Only one in four of guests place blame on operators and the food industry for the rising cost of eating out. However, rather than introducing a sudden price increase or just taking the hit so you don’t lose customers, consider introducing some pricing strategies that will benefit your bottom line without stretching your guests’ budgets.
Varying the set prices across different courses and day parts will boost business in different ways according to your needs, and appeal to guests.
The time could be right to experiment with some lower priced dishes that use cheaper cuts of meat and plentiful, seasonal vegetables. These often need expert preparation so using traditional cooking methods such as slow roasting or braising gives an appealing nostalgic angle to the dish as well as delivering value and margin.
Innovate your salads and soups with dressings, toppings and dips, different ingredients, and cooking techniques. Promote the generous size of your starters for either sharing or making a main course. Four out of five US consumers felt that appetizers should be shared and three quarters would consider ordering a combination platter.*
Reward those customers who keep coming back, they will be touched by your offer and could become your biggest advocates. Offer them a free dessert at the end of their meal or a special beverage.
Upselling aims to convince guests to buy extra menu items or upgrade their current purchase. ‘Would you like fries with that?’ is the classic example. Sometimes, upselling is also known as suggestive selling. It's one of the quickest ways to improve profits without spending any extra money. Good upselling has the following results…
Increased average spend per guest
By selling more items and upgrades, you will increase the size of the average spend in your restaurant.
Better guest satisfaction
When your servers practice good suggestive selling, it results in better service, since guests are made aware of the best options available.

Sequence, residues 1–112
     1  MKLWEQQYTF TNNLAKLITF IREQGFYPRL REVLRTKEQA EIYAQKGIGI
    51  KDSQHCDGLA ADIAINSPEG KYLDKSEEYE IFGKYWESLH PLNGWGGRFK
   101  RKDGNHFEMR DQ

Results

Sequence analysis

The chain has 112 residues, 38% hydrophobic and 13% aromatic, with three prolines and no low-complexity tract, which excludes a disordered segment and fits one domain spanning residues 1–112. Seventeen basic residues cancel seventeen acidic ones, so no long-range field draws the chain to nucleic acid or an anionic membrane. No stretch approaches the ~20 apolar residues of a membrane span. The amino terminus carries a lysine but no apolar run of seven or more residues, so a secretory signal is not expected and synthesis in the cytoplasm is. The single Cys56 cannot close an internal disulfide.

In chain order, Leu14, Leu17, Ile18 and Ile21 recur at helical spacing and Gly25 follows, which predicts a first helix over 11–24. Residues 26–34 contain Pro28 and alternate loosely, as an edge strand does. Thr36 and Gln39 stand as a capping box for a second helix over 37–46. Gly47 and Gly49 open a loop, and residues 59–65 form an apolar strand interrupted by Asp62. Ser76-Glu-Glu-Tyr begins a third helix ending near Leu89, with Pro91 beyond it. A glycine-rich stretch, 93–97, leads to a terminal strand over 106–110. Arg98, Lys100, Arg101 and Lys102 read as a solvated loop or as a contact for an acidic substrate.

More profitable sales
In addition to selling more items or selling more expensive items, upselling can increase sales for menu items with the highest profit margins, as servers learn to recommend the most profitable items.
"Would you like bottled or carbonated water?" Although the customer can still request tap water, this suggestion increases the chances that they will purchase water instead. The opportunity to upsell wine and/or beer is also best at the beginning of service. Often, wine sales can be the main factor that increases profit margins.
Starters usually have good profit margins, and are easy to upsell. There is a good chance that guests are already hungry when they arrive, so the front of house team should not miss the opportunity to deliver enticing descriptions.
Any time a customer orders anything that would go well with something else, waiters and servers should suggest the side dishes.
All waiters and servers should offer guests dessert, describing them in mouthwatering detail. If a table seems hesitant to indulge, recommend that the guests consider sharing a dessert, just to get a little taste.
Every member of the front of house team should be aware of which items on the menu are most profitable, so that they can try to suggestively sell them. For example, if servers know which main course or dessert is most profitable for the restaurant, when a customer asks for a recommendation, they can mention that item.